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Maldini

South Yorkshire Chief Supt (in '89) telling lies in the Mail

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http://www.dailymail.co.uk/sport/football/...t-screams-.html

 

I was in charge of the Forest end, and, just before kick-off, I radioed to say all the fans were safely inside and there were no problems.

 

While my driver went to fill up the Range Rover, I thought I'd pop in and have a quick look at the game.

 

As I did, an inspector ran up and said: 'I'm glad you're here. There's a pitch invasion at the Leppings Lane end.'

 

I looked at people being lifted over the fencing and the players heading for the dressing room and knew instantly it was far more serious than that.

 

I dashed straight across the pitch and began trying to deal with what was happening.

 

I set up a line of officers to help get people out of the crush and on to the pitch and I ordered another line to stand across the halfway line to make sure rival supporters were kept apart.

 

There was a lot of anger and frustration, and the last thing we needed was a brawl developing.

 

I also took hold of a loudspeaker and asked people to stay in the ground to allow the best possible access for emergency vehicles.

 

I basically tried to take control, but it was clear lives had already been lost.

 

As I was giving out instructions, it was clear people lying in front of me were dead. There was so much fear, and I remember lifting one little boy of about 10 out of that pen, and he kept saying to me: 'Don't drop me, mister, will you? Don't drop me.'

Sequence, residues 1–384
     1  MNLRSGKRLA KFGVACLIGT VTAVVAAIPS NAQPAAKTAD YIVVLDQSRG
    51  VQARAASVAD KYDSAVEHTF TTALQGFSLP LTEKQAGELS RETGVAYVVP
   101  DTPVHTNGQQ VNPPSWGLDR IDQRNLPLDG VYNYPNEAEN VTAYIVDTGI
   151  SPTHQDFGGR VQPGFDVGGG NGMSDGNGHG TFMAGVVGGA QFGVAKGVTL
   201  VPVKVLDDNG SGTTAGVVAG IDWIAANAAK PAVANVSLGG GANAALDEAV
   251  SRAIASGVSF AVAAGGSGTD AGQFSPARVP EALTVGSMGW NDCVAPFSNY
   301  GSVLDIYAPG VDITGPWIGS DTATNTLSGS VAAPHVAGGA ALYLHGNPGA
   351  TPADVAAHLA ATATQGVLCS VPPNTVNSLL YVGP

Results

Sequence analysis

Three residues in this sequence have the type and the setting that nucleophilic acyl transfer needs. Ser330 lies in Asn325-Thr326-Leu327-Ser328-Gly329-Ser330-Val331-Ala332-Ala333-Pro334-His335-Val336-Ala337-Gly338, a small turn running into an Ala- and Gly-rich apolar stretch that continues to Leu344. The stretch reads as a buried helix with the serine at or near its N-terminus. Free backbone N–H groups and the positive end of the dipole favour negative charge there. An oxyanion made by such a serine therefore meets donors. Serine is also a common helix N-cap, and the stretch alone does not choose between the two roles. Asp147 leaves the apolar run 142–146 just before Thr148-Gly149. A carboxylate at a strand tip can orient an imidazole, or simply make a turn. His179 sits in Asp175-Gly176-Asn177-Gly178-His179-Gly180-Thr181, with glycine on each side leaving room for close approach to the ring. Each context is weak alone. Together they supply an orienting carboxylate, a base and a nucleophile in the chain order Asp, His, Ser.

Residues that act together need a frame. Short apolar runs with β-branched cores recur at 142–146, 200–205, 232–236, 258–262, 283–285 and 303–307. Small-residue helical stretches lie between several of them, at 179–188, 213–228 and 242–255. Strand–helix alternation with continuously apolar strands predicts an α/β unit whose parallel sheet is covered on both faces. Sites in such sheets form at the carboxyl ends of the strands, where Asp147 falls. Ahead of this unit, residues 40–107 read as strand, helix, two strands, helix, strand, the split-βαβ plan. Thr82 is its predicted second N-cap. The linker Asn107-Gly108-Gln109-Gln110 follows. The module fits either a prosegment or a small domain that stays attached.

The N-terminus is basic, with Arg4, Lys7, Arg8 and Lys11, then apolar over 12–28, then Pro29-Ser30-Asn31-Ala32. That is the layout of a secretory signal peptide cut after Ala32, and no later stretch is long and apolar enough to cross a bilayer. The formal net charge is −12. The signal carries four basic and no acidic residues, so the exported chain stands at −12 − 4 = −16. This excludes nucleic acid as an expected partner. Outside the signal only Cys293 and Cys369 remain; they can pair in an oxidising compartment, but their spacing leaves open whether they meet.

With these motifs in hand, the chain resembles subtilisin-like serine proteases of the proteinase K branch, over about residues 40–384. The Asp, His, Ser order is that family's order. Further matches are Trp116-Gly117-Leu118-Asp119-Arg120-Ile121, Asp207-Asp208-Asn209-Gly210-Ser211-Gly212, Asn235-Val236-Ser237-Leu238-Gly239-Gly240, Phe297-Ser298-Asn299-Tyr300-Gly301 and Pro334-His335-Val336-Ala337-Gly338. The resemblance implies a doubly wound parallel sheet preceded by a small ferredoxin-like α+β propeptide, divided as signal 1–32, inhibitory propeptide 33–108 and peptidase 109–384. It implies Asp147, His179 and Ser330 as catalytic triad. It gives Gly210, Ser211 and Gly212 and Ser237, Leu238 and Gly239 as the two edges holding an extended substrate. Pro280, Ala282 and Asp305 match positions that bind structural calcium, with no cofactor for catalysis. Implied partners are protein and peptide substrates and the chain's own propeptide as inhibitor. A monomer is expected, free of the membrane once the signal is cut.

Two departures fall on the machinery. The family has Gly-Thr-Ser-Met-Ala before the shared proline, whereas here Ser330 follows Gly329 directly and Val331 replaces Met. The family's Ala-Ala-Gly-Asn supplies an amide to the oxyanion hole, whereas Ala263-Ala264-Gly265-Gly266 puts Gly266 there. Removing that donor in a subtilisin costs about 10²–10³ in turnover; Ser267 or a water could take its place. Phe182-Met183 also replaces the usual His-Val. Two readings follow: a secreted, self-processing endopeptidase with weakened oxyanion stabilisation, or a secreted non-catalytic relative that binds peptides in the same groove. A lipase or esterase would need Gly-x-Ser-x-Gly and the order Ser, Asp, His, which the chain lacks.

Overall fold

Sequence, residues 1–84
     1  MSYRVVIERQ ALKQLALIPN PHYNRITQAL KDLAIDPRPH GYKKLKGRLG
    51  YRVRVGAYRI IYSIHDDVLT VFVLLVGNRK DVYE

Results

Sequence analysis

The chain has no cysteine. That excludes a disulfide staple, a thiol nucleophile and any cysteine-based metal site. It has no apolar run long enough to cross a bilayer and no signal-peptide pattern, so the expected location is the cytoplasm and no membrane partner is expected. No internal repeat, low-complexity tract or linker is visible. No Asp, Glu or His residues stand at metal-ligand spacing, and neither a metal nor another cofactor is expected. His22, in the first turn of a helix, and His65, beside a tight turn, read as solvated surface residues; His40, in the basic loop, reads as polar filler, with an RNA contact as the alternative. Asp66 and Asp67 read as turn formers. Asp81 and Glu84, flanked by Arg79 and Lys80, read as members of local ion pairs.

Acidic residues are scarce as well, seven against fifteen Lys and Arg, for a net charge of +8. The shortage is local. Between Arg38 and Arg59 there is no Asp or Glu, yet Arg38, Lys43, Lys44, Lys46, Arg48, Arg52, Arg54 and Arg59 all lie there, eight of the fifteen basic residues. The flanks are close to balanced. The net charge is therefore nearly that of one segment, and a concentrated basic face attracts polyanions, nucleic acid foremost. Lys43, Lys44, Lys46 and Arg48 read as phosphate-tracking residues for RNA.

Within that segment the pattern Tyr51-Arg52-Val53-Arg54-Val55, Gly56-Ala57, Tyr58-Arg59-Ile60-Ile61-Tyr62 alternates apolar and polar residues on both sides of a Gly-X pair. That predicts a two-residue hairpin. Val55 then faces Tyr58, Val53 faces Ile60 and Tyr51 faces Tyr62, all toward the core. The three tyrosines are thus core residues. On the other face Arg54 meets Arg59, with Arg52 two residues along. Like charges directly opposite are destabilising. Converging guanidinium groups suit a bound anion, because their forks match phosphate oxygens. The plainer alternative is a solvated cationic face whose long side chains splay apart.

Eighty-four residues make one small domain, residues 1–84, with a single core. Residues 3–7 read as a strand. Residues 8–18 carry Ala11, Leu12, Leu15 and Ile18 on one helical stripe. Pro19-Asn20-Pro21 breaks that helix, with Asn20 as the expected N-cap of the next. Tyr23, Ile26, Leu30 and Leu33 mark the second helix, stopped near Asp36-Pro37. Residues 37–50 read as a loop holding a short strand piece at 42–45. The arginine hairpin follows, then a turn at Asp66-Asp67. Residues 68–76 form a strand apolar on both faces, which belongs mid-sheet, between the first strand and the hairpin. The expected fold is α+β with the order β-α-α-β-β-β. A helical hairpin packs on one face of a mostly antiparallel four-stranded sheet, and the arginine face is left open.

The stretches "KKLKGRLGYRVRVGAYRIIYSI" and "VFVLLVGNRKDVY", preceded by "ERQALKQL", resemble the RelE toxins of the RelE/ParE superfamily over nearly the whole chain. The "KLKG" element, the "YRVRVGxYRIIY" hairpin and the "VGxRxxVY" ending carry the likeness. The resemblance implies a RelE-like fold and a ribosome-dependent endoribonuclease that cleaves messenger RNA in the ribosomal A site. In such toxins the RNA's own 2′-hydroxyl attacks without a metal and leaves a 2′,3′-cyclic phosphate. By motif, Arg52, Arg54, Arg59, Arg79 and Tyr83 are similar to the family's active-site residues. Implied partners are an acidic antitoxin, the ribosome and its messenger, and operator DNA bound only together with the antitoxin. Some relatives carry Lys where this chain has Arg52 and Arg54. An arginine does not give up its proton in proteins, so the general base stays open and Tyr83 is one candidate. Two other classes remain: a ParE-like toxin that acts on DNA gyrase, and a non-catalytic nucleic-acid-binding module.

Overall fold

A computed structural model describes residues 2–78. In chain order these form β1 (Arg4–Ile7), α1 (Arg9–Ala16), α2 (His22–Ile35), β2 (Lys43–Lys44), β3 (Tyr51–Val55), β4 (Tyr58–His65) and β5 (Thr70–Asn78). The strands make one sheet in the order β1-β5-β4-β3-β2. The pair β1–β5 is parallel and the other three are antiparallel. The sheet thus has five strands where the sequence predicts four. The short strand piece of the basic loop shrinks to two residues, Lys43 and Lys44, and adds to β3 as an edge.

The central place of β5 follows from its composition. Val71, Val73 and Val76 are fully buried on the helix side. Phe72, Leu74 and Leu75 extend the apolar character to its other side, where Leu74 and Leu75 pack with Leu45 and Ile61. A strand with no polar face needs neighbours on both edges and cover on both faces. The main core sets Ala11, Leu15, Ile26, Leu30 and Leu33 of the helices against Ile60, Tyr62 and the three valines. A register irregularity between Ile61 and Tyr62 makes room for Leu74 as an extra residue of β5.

He looked terrified, and I said: 'Don't worry, lad, I won't.'

 

I laid him down on the pitch and said to a woman officer nearby: 'Look after him.' He seemed fine, other than being scared, but so many others were not. It was an ordeal for the police men and women who were in the thick of it as well, but I saw so many young officers come of age that day.

 

We were helped by the fantastic efforts of Liverpool fans who acted as stretcher bearers and did all they could to help the stricken to first aid centres. It is quite possible more lives would have been lost without their endeavours.

I ended up working right through the night, because there was so much to do, in terms of turning the gymnasium into a mortuary and making arrangements for identifying the bodies.

 

John Nesbitt, pictured when head of security at Hillsborough in 1998

All those who had been certified dead were photographed, and the pictures placed on a board. You couldn't have relatives wandering round the gym, looking at one body after another, and this seemed the best way.

 

If they recognised someone, they would be taken directly to them. I remember at about one in the morning, a chap from Runcorn came to me in a really distressed state. He had lost his son and feared the worst. He had been to both hospitals and had looked through every photograph, but there was no sign. I took him into the police room and told him to use our phone to call his wife. She said their son had somehow managed to travel back independently and was back home safe and sound.

 

I'll never forget the look on his face. He walked over and put an arm round me and burst into tears.

One thing the Taylor Report did not mention was that we gathered 1,500 witness statements from people living near the ground who said there had been heavy and sustained drinking by a significant minority of Liverpool fans before the game.

 

That had an influence on events, because people arriving in that state tend to be agitated and more difficult to control.

 

The majority of Liverpool fans are loyal and dedicated people, but that minority caused a problem.

 

I know a lot has been made of the decision to open Gate 3, but I don't think that contributed as much as some people think.